- Linda Ronstadt: The Sound of My Voice
- Directed by Rob Epstein, Jeffrey Friedman
If you were listening to the radio in the mid-1970s — AM or FM; pop, country, R&B or AOR — at some point you were probably listening to Linda Ronstadt.
Kids these days, with their curated playlists and SoundCloud streams, may not understand what it was like back then. A lot of music was never heard on the radio at all, while certain songs and artists made up a communal soundtrack that transcended genre and individual taste. Maybe you thought Ronstadt’s chart-topping cover of “You’re No Good” wasn’t all that great, but its organ riff and declamatory chorus probably settled into your ears anyway, and more than 40 years later you’re likely to remember it as a classic.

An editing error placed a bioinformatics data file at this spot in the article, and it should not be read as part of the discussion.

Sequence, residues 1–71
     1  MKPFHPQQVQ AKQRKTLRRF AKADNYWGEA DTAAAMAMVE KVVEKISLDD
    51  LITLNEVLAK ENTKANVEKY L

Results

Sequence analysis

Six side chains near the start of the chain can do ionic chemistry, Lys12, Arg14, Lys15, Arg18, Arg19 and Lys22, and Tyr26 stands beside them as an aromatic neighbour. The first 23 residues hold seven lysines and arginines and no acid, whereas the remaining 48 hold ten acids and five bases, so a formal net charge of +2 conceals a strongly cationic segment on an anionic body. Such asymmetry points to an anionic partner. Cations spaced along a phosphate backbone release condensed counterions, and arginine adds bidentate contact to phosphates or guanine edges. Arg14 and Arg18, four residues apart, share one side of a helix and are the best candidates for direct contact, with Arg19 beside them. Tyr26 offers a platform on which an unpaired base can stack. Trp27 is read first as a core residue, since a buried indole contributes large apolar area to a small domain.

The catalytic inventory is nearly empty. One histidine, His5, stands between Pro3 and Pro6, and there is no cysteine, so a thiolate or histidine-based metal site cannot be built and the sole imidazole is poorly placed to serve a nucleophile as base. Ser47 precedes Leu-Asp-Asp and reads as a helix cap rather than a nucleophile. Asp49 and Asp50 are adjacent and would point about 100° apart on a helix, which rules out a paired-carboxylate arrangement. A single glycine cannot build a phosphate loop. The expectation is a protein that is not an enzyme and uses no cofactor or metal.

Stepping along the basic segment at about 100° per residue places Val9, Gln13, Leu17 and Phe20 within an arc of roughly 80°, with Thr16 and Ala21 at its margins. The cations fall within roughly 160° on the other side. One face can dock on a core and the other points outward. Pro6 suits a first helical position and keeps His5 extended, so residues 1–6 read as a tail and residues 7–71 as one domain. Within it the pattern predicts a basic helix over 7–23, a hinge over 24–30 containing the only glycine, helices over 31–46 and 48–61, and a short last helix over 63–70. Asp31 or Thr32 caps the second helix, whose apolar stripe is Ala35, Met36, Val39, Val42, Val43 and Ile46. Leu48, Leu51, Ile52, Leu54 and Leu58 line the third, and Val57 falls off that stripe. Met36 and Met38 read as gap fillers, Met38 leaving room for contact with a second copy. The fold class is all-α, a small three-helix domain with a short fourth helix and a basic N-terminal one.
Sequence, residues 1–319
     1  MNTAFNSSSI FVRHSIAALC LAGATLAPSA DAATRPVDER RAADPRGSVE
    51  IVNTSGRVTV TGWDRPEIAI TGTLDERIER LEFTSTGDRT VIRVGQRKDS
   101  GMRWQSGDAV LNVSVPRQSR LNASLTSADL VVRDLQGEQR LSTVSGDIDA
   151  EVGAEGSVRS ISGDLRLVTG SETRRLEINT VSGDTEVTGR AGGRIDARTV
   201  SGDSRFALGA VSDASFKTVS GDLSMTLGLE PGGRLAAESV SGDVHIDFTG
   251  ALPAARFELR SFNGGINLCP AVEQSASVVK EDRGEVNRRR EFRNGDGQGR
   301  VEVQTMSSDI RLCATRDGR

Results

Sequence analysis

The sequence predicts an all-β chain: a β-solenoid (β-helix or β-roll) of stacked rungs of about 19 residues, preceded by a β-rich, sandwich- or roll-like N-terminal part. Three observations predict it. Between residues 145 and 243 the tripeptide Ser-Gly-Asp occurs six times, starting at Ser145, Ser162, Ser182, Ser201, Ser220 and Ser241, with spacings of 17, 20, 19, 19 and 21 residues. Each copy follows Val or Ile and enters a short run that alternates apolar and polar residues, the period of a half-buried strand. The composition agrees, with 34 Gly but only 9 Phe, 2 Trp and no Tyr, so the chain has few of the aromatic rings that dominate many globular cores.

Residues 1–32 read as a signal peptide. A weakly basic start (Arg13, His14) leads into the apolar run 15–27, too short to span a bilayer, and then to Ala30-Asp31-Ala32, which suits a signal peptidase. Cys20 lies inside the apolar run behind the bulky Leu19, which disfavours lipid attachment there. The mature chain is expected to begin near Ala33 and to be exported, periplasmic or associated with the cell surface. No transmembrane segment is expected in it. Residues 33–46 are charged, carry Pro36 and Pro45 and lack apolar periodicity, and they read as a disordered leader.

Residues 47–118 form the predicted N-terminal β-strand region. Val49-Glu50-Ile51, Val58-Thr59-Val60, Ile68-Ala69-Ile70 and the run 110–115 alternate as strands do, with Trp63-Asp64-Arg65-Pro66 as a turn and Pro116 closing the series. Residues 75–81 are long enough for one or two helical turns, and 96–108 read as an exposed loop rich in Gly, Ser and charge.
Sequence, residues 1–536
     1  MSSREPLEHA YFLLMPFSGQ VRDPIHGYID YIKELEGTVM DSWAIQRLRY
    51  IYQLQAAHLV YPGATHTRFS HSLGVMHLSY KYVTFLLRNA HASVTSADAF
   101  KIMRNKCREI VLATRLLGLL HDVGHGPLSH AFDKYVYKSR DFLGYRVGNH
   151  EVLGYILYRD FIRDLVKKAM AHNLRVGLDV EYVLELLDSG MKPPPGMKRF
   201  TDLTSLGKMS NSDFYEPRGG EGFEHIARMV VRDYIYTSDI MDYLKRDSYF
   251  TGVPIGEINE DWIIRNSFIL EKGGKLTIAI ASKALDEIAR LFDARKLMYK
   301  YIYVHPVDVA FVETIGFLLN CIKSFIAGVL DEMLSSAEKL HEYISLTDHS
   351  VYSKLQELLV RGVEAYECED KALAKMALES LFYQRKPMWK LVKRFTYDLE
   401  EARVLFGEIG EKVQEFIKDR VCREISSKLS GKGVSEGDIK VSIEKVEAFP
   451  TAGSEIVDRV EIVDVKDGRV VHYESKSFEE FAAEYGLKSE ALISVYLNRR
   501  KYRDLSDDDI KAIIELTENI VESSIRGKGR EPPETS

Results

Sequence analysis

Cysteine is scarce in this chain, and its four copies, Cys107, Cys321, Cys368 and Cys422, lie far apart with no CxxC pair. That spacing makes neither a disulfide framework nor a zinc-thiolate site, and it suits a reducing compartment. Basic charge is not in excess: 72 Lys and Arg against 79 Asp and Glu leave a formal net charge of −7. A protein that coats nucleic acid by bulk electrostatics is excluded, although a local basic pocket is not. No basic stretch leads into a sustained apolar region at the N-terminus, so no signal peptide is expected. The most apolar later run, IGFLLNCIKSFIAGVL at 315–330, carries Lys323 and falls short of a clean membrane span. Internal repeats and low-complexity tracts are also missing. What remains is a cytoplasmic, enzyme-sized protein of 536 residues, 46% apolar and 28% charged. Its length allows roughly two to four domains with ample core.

Ronstadt was an unavoidable presence — not only on the airwaves but also on television talk shows and magazine covers. (Those things were also a much bigger deal back then, but I’ll stop with the Gen-X Grandpa Simpson routine.) She didn’t write her own songs, but she owned the ones she performed with rare authority. In “Linda Ronstadt: The Sound of My Voice,” a new documentary by Rob Epstein and Jeffrey Friedman, someone uses the word “auteur” to describe Ronstadt’s relationship to her material, and it doesn’t seem exaggerated. Her versions of songs by Warren Zevon, Lowell George and Kate and Anna McGarrigle (to name just a few) still sound definitive.